The state has closed some beaches in Snohomish and Island counties and in many other areas in the state to shellfish harvesting because of the presence of a toxin that causes paralytic shellfish poisoning.
The toxin can cause illness and even death in anyone who eats contaminated shellfish. The toxin, often caused by summertime algae blooms, is currently present in shellfish throughout Western Washington waters, according to the state Department of Health. Scattered beaches are closed to harvesting in Snohomish County, including from Picnic Point south to the county line. Beaches on Whidbey Island are closed to harvesting between Admiralty Head and Possession Point. Some or all beaches in Jefferson, Kitsap, King and Pierce counties also are closed. Commercially harvested shellfish have been thoroughly tested and should be safe to eat.
Warning signs are posted at beaches used by recreational shellfish harvesters to warn people not to collect shellfish from the closed areas. The closures include clams, oysters, mussels, scallops, geoduck and other species of molluscan shellfish, but not crab. Crab “butter,” the soft membrane material, should not be eaten.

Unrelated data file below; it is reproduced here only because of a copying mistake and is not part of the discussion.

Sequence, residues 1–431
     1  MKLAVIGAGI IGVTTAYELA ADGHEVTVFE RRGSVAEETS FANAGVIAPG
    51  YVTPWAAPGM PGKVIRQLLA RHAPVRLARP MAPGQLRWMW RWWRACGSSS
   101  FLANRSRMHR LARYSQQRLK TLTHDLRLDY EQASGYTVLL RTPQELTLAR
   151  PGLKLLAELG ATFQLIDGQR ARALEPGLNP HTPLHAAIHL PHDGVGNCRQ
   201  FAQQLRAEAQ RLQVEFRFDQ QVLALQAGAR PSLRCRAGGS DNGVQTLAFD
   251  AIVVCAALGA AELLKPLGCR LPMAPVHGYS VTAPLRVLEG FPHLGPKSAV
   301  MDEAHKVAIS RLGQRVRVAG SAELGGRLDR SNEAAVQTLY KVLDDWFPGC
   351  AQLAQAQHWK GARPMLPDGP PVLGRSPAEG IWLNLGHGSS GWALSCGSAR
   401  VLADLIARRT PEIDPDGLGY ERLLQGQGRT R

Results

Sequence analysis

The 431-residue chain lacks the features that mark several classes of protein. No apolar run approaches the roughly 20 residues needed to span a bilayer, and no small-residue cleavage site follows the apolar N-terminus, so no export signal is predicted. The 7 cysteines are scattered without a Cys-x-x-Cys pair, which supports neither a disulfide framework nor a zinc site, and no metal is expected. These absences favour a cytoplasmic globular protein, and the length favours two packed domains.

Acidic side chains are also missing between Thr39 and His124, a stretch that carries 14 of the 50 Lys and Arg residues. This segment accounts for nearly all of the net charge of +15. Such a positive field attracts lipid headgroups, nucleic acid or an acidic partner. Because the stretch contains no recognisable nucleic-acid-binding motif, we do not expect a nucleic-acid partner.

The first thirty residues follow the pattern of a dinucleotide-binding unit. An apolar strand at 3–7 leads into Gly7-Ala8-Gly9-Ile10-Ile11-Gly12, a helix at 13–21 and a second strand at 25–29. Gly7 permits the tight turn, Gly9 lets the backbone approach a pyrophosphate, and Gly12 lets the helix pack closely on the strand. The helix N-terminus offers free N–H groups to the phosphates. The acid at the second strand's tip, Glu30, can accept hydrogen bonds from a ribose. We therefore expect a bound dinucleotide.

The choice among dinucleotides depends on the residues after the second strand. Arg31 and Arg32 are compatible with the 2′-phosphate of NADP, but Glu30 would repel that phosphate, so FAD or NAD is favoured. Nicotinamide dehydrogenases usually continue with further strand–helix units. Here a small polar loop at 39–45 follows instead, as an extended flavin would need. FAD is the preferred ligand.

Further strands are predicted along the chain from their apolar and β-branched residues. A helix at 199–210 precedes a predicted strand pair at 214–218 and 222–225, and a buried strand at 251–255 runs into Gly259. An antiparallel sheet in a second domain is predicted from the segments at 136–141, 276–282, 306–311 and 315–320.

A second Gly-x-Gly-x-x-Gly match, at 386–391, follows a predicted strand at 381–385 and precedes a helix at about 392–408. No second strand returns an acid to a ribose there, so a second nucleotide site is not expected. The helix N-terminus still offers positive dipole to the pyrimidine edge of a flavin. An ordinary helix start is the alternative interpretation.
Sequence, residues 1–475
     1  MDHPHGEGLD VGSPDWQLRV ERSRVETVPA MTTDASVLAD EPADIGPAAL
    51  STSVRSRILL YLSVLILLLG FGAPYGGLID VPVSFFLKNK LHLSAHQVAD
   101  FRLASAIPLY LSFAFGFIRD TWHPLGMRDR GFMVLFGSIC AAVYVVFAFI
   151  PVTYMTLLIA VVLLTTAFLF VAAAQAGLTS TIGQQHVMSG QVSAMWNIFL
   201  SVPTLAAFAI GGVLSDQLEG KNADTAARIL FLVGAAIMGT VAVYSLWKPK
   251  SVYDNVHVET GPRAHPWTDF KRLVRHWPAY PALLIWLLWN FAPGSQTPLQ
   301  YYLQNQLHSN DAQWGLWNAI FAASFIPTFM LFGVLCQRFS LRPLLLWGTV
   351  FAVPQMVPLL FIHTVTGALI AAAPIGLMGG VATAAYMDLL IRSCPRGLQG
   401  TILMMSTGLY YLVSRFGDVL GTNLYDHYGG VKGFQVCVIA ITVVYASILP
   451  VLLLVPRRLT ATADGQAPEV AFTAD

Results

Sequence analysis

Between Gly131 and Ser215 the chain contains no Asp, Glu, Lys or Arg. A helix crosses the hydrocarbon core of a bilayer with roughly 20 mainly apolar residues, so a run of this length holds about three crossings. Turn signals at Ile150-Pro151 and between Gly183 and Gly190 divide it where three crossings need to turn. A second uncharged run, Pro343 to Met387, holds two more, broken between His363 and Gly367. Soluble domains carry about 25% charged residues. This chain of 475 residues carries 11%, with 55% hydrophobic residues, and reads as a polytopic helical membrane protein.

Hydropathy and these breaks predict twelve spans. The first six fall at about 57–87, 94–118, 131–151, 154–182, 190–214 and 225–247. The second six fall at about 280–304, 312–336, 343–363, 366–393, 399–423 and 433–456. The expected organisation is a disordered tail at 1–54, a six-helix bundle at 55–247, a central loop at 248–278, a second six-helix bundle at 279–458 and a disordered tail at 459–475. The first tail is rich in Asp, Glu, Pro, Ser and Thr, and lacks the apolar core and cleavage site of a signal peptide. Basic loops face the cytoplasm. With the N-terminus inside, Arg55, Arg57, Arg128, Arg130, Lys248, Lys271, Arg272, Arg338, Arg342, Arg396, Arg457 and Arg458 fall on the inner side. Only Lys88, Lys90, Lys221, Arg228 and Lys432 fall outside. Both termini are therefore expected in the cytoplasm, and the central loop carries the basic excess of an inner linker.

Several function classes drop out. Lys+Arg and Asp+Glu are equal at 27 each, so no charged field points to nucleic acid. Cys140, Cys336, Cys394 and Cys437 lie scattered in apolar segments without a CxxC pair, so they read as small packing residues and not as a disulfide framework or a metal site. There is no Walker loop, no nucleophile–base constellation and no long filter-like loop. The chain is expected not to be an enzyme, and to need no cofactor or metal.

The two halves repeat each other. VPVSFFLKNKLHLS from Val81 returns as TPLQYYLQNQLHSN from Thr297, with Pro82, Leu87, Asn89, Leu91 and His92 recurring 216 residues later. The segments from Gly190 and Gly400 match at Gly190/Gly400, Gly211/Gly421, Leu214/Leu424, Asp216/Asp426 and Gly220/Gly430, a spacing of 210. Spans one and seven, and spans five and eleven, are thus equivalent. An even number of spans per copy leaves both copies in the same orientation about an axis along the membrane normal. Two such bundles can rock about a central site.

Before harvesting shellfish anywhere in Washington, people should check for updated closure information at http://tinyurl.com/ShellfishSafety or call the state’s Biotoxin Hotline at 800-562-5632.
Calling photographers: The Snohomish County Arts Commission is seeking original photos for this year’s Snohomish County photography contest.
The contest is open to people of all ages living in the state.
The photo entries that best respond to the theme of “play” will be selected for a group exhibit. A prize will be awarded to one photographer.
The deadline for submissions is Sept. 10. A group exhibit is scheduled for Oct. 1 to Nov. 1 at the Snohomish County Campus, with an artist reception to be held on Oct. 5. There is a $25 entry fee, which allows each artist to submit up to three images.
For more information, or to receive the entire submission criteria, contact Wendy Becker at 425-388-3186 or email@example.com.